The other day, I was picking up odds and ends at a local drug store. I waited for service in a rather lengthy checkout line.
While the store management demonstrated no concern for wasting my day, a tune was playing in the background that I had not heard since the late 1970s.
The song was “Dog and Butterfly,” performed by Heart. It had an enchanting melody and was sung by Nancy and Ann Wilson — two vocalists who have some of most melodic voices in the business.
I didn’t think to much about it, but as I headed for my car, tears began to well up. By the time I climbed behind the wheel, emotions were pouring out of me.
I couldn’t understand why. A logical explanation might be that I associated the song with an event that happened many years ago, but there was nothing recalled. While I remembered the piece from a bygone era, it was only vaguely familiar and certainly not tied to any personal event.
Then the words of the refrain began to play over and over in my head. Written by the two Wilson sisters, along with Sue Ennis, they are the following:
“See the dog and butterfly
Up in the air he like to fly
Dog and butterfly below she had to try
She roll back down to the warm soft ground
Laughing to the sky, up to the sky
Dog and butterfly”
It was hardly formal English, but the words touched me. There was something about the message, and I wasn’t quite sure what it was.
That night, I searched the Internet for the thoughts of others on the refrain’s meaning. Many didn’t know. They simply loved the song for its aesthetic value. Others thought it dealt with reaching for impossible goals in life — even if we know they are not realistic.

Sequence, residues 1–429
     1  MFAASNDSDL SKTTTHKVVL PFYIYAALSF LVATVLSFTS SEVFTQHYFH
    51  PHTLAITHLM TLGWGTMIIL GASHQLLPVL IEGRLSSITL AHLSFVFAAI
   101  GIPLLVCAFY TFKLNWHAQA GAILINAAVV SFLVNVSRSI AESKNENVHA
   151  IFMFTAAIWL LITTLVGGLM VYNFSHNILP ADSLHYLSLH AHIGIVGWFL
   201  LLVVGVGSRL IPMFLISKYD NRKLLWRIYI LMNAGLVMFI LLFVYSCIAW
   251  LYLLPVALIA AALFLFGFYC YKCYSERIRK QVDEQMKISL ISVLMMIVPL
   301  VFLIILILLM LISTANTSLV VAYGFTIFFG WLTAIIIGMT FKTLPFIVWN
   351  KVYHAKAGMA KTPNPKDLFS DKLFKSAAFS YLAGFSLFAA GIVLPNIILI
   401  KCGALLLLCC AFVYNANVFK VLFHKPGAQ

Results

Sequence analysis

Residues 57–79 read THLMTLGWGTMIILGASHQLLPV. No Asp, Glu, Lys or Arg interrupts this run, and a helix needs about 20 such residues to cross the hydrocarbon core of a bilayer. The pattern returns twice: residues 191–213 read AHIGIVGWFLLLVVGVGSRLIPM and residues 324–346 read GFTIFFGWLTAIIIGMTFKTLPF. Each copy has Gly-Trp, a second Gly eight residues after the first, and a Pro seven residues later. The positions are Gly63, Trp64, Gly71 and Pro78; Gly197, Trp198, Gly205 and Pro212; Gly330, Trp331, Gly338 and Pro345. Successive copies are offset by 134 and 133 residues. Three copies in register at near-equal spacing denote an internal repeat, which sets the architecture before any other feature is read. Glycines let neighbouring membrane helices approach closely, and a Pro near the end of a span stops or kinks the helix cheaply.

But to me, it was far more than that, and it was a yet undiscovered meaning, which brought an emotional response.
I pictured a young, care-free, fun-loving dog — a multi-colored Australian Shepherd — frolicking in the springtime grass and flowers. He chased a newly morphed butterfly, while at the same time, enjoying himself as he attempted to imitate the insect’s behavior.
Then, it hit me: It was the realization that animals seem to know more about the meaning of life than humans. For example, why do they exist and why do they continue to struggle with the same survival issues as we do?
There can only be one explanation: They simply love the unfettered experience of living and all the emotions it can bring. The uncomplicated joy of interacting with a butterfly can bring far more pleasure then the mundane activities that humans often pursue.
We get so busy with these daily exercises of life that we forget to live it. Looking back, I’m certain that’s what brought on the tears. I realized that spending 98 percent of my days in routine activities was not the road to happiness.
The emotional reaction took place when I thought about the time wasted pursuing meaningless objectives, while our one-act life play continues to move toward its final destination.
Steve Hansen is a Lodi writer.